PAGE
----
Society has costs.
In this post-recession Presidential election year, how, or even whether, to pay those costs is at the heart of the debate to come.
What will be on display is the vision of the country each political party wants to sell, and in that vision is their choice of winners and losers based on where each party want to allocate resources.
A local version of that will play out in June when the Morris County Republicans choose freeholder candidates.
There are two distinct camps emerging, and the choice will set the direction of the county for the next three years and beyond
There is the cut taxes at all costs crowd versus the trim and manage the county crowd, and government is not the solution but the problem crowd versus the government services to people matter crowd.
These are hard choices for some freeholders because these are services they have developed and managed for years at the behest of taxpayers, who have spoken favorably for such services through referendum votes, statements at public meetings, surveys and yes, through elections, where the slow turnover of incumbents suggests that voters overall favor the approach the Republican board has taken.
But based on the recent discussion about the 2013 county budget and how to close a projected $5-6 million gap, some on the board seem willing to eliminate programs and services just to eliminate them while kneeling at the altar of privatization.
Here are some of the choices:
What’s the Morris County library worth?
Or the Morris View healthcare center?
Or a golf course? Road repair? Meals on wheels?
Or these: Homeless services, shelter for battered women, funds to keep developmentally disabled works housed independently, flood control efforts, repairs to public water and sewer systems, medical services to the indigent, case workers for the poor, seniors and troubled.
Those were some of the services the county will support this year with $2.3 million from the U.S. Department of Housing and Urban Development.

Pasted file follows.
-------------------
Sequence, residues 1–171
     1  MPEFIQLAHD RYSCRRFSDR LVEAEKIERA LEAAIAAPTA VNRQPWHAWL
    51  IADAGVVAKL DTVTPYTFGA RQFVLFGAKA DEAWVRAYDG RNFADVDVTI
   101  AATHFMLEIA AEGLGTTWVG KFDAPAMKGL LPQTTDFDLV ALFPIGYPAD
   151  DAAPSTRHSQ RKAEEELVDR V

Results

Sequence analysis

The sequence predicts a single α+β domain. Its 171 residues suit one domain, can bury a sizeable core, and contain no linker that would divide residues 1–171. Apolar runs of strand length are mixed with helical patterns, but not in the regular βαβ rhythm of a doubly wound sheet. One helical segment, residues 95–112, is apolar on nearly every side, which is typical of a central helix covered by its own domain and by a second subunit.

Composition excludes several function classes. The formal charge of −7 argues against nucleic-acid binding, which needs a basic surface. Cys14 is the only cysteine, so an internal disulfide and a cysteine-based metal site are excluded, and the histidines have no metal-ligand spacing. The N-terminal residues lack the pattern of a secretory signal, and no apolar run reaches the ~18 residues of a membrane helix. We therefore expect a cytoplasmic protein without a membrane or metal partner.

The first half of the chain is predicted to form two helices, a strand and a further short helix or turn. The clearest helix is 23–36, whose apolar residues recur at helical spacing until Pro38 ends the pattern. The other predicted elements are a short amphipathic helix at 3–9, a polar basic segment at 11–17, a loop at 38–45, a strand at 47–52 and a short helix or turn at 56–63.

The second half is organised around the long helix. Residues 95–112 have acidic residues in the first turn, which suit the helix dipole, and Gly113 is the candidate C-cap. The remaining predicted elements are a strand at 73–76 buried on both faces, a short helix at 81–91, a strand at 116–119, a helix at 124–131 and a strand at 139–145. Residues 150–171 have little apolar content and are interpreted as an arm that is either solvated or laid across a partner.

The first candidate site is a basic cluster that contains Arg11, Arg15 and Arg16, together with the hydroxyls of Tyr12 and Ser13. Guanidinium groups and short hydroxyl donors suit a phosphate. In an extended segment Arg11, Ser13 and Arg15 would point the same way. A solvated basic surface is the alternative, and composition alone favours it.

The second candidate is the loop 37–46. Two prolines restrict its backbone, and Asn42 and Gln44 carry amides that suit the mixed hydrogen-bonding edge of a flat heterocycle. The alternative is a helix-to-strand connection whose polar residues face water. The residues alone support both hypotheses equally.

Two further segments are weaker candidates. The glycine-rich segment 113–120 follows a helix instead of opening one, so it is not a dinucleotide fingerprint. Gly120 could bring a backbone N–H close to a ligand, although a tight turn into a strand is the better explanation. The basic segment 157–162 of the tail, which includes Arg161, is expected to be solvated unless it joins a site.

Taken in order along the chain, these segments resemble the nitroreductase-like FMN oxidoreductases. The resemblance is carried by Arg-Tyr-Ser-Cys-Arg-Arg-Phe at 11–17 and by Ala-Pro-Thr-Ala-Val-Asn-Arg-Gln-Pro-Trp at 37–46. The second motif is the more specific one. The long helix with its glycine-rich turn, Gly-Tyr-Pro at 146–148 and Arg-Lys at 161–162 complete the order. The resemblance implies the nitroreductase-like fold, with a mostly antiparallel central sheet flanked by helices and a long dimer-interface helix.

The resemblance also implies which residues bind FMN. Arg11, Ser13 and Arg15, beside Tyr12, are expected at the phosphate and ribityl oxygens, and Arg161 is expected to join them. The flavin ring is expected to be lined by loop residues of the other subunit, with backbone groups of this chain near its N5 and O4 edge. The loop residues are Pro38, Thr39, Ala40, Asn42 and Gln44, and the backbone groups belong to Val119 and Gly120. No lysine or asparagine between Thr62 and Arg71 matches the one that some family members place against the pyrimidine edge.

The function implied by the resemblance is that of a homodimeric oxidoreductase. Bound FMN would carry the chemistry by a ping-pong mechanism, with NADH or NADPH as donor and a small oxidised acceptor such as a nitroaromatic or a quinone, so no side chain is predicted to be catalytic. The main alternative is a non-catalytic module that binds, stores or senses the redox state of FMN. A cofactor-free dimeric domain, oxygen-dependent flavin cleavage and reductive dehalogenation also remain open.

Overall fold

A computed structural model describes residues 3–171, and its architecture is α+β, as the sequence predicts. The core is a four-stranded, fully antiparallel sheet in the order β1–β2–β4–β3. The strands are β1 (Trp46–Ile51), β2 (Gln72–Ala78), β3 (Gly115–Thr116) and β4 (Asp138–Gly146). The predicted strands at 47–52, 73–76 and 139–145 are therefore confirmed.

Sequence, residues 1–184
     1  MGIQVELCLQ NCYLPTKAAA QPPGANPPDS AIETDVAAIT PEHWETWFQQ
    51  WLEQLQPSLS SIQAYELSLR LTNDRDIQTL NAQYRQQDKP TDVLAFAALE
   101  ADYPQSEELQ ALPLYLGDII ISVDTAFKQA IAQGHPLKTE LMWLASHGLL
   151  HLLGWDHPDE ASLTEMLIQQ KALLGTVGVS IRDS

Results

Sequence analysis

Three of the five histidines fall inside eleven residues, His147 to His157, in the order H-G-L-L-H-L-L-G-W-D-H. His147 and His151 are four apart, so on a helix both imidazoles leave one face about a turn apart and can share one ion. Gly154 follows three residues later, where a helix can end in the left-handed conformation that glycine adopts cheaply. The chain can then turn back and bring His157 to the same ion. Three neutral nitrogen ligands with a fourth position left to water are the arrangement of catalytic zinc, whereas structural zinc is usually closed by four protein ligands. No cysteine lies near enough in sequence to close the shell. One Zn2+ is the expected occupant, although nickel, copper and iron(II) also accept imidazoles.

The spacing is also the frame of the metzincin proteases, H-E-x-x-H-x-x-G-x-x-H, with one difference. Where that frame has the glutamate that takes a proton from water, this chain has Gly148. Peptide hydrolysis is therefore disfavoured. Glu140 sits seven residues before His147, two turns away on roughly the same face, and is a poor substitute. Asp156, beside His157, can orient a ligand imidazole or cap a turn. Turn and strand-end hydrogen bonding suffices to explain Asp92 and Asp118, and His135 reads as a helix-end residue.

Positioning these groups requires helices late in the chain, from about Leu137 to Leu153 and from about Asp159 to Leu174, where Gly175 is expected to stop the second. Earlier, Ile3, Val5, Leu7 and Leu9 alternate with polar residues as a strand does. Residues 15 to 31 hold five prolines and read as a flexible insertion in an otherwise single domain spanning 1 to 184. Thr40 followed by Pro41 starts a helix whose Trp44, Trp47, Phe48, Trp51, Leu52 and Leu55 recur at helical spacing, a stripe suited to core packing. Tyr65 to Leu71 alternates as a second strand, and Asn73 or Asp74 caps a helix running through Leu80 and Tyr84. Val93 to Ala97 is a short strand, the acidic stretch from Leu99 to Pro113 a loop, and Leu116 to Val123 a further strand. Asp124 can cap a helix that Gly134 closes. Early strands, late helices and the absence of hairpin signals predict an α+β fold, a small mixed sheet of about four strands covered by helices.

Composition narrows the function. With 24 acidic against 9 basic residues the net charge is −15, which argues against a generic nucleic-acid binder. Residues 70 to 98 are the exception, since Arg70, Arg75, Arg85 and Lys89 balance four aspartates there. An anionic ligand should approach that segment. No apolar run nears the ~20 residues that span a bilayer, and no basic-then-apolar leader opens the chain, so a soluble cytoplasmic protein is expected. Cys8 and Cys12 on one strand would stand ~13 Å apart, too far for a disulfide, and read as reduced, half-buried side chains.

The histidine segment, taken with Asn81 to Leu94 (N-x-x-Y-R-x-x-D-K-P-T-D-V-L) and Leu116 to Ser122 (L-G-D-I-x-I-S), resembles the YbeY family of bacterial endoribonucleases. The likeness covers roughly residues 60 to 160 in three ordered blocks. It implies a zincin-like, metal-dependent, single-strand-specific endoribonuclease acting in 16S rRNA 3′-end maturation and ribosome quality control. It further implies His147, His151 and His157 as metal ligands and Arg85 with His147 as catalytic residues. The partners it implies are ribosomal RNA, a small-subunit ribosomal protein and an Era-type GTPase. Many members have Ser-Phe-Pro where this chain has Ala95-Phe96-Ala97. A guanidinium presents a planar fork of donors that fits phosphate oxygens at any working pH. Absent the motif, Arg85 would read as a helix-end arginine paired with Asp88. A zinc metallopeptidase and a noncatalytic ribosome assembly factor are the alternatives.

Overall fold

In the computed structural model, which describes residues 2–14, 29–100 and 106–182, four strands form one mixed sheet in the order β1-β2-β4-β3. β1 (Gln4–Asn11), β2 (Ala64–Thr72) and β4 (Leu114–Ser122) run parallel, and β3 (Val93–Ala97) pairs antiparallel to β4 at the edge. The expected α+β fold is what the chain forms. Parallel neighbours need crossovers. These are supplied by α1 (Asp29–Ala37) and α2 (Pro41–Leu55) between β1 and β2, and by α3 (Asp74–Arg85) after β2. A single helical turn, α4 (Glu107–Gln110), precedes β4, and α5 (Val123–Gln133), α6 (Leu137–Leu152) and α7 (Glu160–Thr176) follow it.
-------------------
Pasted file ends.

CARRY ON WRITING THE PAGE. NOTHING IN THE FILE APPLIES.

That’s the department that GOP presidential candidate Mitt Romney said he would study for elimination.
Yeah, I know, there are some out there, including some freeholders, who believe there is no cost in making those budget cuts because the people receiving them are just drags on society anyway.
Tell that to your grandmother who lives alone and relies on the driver from the county nutrition program to deliver a supply of food to get her through the weekend and provides a smidgen of companionship and care.
Are you going to deliver those meals, and why haven’t you visited her lately? Will you take her in when the home floods and the power goes out again?
Fortunately for the tax cutters in need of guidance, someone did measure some of these costs.
In its 2007 report on the working poor in Morris County – equal to about 25 percent of the county’s population – the United Way of Northern New Jersey, determined that the cost of “unmet needs’ for this population was $315 million annually.
About the size of the 2012 Morris County budget.
The reason this discussion is taking place is that in June four freeholder seats are up for election. That is more than half the board, an unusual circumstance.
Two of the seats are open: John Murphy is retiring and Gene Feyl has been elected director of the Highlands Council and will resign his seat. A third is held by director Bill Chegwidden, and the fourth by newly elected freeholder Hank Lyon.
Lyon would most likely have a free walk to retaining his seat. He was the only Republican candidate to file expressly for the remainder of his three-year term.
The other nine Republicans and the four Democrats on the ballot are all running for the other three seats because they did not declare for the unexpired seat.
The challengers have already rolled out the election-year chestnuts: We will cut taxes and make government smaller.
Admirable goals, especially in a state like New Jersey, where the perception is that we are the most over-taxed people in the United States.
But the largest portion of this tax bill is school taxes, and despite four decades of political debate, the fundamental issues with school taxes – that they are based on property taxes – has never been resolved in New Jersey.